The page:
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The gospel reading of this 14th Sunday in ordinary times, Year C, (Luke 10:1-12, 17- 20), tells about Christ sending out his disciples to proclaim the good news of salvation while warning them, “I am sending you out as lambs in the midst of wolves” (Vs 3). What a caution! It is not a very comforting statement, is it? We know what usually happens when lambs find themselves in the midst of wolves; they become lunch. No wonder, Peter had this to say, “Be sober and vigilant, for your enemy the devil is prowling around like a roaring lion, looking for someone to devour, stand up to him, strong in faith…” (1 Peter 5:8).

Witnessing to Christ, in this day and age, is like lambs trying to prosper in the midst of wolves. It is pretty counter-cultural. It is so hard to boast in the Cross of Christ in a world that believes in the freedom of man to desire whatever he pleases and to seek pleasure wherever he wants; a world that no longer believes in the objective order; a world that has become so subjective that it believes in the maximum satiation of the human appetite. Our society seems fully determined to challenge everything that we, as Christians, hold holy and dear; everything that we have reverence for.

No wonder Peter used the words “sober” and “vigilant” in his advice to Christians. These words mean to watch out, to be alert, and to be spiritually sensitive to our status as objects of prey in this world. To be a “prey,” is to be a creature hunted, stalked, trapped, or entangled as a victim for the satisfaction of the predatory instincts of the stalker. So, we need to be alert to the hidden snares, deceptive tricks, wily schemes, and spiritual ambushes that the wolf has devised for the demise of the lamb. One of such slyest and favorite tricks of the devil is the attack on the mind of a Christian—plant a seed of doubt in the recesses of human thought or an emotional feeling of abandonment that questions God’s existence—the very beginnings of spiritual assassination. This is the struggle many of our young people and not so young adults face today—the illusion of being spiritual without being religious.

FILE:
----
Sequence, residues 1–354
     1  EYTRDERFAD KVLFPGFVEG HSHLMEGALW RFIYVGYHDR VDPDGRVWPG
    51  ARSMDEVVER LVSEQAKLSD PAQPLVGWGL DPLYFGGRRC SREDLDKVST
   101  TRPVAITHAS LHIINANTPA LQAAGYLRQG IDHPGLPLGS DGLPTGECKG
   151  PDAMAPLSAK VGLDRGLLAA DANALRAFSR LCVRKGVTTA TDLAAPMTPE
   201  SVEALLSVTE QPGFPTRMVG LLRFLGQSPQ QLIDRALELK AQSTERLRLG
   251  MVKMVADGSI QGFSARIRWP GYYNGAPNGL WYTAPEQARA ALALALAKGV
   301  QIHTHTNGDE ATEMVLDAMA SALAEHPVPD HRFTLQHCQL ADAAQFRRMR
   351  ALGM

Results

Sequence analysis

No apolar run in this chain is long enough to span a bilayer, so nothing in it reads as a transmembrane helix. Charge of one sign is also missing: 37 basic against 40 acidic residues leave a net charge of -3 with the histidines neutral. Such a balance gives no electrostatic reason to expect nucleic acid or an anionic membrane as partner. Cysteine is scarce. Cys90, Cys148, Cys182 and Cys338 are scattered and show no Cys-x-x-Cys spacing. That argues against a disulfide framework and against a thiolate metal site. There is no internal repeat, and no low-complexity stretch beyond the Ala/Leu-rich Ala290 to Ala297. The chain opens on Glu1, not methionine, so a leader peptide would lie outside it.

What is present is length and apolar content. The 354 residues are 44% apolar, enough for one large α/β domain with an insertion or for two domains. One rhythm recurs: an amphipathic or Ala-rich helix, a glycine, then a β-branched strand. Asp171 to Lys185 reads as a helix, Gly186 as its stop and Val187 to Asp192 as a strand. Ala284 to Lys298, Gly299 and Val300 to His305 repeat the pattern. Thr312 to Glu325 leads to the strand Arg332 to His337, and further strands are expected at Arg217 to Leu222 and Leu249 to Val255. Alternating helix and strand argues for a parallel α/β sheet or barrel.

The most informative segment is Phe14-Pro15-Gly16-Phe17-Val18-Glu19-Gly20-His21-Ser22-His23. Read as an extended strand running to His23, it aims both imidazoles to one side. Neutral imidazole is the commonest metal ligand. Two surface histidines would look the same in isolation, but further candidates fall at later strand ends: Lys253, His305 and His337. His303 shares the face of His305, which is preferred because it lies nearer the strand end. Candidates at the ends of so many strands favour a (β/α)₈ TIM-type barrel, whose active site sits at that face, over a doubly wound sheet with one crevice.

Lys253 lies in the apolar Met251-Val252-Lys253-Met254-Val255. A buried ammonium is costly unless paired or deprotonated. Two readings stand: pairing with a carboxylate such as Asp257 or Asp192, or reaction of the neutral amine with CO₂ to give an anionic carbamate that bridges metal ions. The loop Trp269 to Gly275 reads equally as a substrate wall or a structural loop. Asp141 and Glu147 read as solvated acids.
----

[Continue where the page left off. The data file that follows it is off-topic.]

The truth is that we need spiritual wisdom in this beastly world to be able to detect the wily ways of Satan. We can do this by letting Christ be our greatest desire in this life; presenting “our bodies as a living sacrifice of praise, holy and acceptable to God” (Romans 12:1); striving daily to “love the Lord our God with all our heart and with all our soul and with all our strength and with all our mind, and loving our neighbor as ourselves (Ref: Luke 10:27); understanding that all that I am and all that I have is from God and is for the prosperity of His kingdom on earth.

There is no doubt that “All who desire to live a godly life in Christ Jesus will be persecuted” (2 Tim 3:12). It is the fear of persecution that allows our counter culture to win the fight against witnessing to Christ in our world. Yet, our Lord has this to say, “For whoever is ashamed of me and of my words, of him will the Son of Man be ashamed when he comes in his glory and the glory of the Father and of the holy angels.” On this Sunday, let us join St. Paul as he declares “May I never boast except in the Cross of our Lord Jesus Christ, through which the world has been crucified to me, and I to the world” (Gal 6:14).

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